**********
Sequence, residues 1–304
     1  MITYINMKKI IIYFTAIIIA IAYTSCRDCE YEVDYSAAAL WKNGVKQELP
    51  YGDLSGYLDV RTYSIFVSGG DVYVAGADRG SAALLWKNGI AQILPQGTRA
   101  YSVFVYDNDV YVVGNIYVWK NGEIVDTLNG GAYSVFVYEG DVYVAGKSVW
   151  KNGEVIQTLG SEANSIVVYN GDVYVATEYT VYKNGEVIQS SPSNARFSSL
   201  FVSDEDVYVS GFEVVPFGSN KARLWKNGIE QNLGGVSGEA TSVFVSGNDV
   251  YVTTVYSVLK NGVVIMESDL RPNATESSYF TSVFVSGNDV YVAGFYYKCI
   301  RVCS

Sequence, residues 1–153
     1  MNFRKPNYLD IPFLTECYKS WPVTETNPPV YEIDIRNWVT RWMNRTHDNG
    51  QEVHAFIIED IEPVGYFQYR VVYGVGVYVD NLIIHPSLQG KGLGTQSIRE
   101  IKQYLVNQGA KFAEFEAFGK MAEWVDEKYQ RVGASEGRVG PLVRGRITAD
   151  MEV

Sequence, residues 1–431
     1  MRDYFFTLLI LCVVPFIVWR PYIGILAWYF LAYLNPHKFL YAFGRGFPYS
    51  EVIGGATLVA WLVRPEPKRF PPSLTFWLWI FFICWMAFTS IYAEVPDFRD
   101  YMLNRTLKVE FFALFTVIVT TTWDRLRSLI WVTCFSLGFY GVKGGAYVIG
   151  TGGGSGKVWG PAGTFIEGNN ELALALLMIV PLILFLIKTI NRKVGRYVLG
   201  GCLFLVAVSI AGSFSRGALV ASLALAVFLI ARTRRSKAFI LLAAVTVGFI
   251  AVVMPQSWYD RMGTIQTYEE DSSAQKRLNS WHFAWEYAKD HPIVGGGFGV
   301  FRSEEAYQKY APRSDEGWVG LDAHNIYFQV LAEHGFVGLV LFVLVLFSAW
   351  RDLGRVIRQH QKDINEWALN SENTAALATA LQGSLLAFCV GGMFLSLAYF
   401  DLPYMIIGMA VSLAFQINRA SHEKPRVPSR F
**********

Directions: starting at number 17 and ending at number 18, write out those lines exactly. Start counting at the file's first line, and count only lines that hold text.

   101  YMLNRTLKVE FFALFTVIVT TTWDRLRSLI WVTCFSLGFY GVKGGAYVIG
   151  TGGGSGKVWG PAGTFIEGNN ELALALLMIV PLILFLIKTI NRKVGRYVLG